In many cases, depending on where you live, “best car dealership near me” will return a similar, filtered result.
Looking deeper, we find that review content and responses play a significant role in ranking.
Search Engine Journal released an article with research showing that reviews were the most prominent local SEO ranking factor in 2017. If that doesn’t make you sit up a bit in your chair, keep reading.
The research focused on many key areas of these reviews - quality, frequency, and volume of reviews to start. Then keyword usage, percentage of reviews responded to, and keywords in those responses.
Check out the source research from Local SEO Guide here.
Not only does it support a review-driven strategy, it clearly shows that engaged businesses who know how to respond to reviews will be rewarded.
But rewarded with what?
The SEO experts are pointing to reviews as a potential replacement for link-building strategies. I’m not ready to jump in with both feet on that, yet.
Generally - covering all of your bases is the most sound strategy and dealers shouldn’t disregard link building as a way to increase page rank and site authority. But - it’s hard to ignore the impact of reviews and responses on search rank.
In most cases, traffic from Google (all traffic from Google) is around 60% or more of a site’s total traffic volume.
If you’re able to split out referrals from the GMB (which you should be able to, if not, time to get tagging), take a look at the performance of that traffic.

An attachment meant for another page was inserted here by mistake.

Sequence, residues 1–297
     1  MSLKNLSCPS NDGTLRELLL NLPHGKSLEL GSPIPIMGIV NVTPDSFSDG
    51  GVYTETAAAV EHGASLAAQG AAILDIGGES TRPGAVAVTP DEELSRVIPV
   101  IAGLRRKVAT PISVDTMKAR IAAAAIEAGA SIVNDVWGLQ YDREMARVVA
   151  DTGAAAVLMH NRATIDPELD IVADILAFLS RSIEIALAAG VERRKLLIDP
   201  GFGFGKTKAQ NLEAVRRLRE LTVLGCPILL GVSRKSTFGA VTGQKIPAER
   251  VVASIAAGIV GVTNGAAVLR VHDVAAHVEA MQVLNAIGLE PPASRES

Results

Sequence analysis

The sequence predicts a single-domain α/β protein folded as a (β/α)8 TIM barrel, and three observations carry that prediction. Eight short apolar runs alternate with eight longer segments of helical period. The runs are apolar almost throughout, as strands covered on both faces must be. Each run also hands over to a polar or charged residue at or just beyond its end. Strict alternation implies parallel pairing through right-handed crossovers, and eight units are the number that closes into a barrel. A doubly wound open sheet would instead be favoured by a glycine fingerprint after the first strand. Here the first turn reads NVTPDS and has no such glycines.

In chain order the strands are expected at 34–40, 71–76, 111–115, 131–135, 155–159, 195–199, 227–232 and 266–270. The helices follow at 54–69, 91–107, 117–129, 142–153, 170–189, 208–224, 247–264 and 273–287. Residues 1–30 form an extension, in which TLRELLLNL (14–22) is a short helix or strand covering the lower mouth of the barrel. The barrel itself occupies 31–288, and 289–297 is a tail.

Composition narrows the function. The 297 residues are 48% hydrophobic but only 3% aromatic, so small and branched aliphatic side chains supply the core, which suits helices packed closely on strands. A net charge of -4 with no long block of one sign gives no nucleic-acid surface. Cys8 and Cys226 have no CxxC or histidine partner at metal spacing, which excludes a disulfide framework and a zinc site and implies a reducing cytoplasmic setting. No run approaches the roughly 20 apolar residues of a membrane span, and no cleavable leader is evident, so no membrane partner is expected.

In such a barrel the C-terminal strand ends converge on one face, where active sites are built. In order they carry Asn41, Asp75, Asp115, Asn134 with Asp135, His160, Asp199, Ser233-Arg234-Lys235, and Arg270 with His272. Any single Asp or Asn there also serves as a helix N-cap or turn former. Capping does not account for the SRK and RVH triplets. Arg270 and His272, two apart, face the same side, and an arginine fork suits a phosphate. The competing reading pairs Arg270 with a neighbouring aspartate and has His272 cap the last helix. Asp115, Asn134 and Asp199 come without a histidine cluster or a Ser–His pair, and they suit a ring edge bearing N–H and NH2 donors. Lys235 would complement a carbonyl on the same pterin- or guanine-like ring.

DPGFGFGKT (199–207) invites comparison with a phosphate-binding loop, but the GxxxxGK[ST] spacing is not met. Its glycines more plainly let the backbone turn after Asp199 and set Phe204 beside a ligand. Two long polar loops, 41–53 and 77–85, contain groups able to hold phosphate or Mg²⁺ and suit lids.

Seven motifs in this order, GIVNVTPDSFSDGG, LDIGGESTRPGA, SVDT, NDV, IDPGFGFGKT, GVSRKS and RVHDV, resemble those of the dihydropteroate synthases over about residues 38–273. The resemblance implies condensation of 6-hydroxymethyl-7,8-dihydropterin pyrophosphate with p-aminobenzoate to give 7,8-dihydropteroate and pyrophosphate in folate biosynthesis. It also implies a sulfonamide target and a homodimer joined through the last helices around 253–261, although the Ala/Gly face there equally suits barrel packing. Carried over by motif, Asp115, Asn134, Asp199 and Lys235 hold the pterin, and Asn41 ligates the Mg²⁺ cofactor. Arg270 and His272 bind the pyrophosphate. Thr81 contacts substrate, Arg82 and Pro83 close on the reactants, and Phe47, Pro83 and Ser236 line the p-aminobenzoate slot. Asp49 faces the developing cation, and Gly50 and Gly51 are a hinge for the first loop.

Low bounce rates and high conversion rates are very typical. In fact, this may be your best performing source of traffic, especially if you've prioritized Google My Business optimization.
You’re simply not getting enough of it.
Think about the GMB as another website for your business - feed it content and it will reward you. Today, the GMB shows in 93% of local searches, it just can’t be ignored.
We now know that reviews are a great source of content for the GMB, but let’s focus in on the responses.
Harvard Business Reviews released a paper on the impact of responding to reviews.
In short, businesses who respond see a 12% increase in overall review volume, a .1 higher star rating average and less unsubstantiated negative feedback.
Hard not to like a world with fewer internet crazies.
Combining all of this info into a single strategy tells us that responding to reviews with keywords, when appropriate, will improve customer engagement and loyalty while increasing traffic from your most valuable source.
A reputation management service like Widewail will increase the possibilities from these reviews even further.
Who ever thought SEO and reviews would be the same thing?
I’m a father, husband and hockey coach as well as founder and CEO of Widewail. I spent a decade with Dealer.com, Dealertrack and Cox Automotive as the VP of Enterprise Strategic Growth and Retail Solutions prior to spending a year at Podium as the GM of Automotive and SVP of Strategic Accounts. I’m also a highly committed, yet extraordinarily average, guitar player.
Bite-sized, to-the-point, trend-driven local marketing stories and tactics.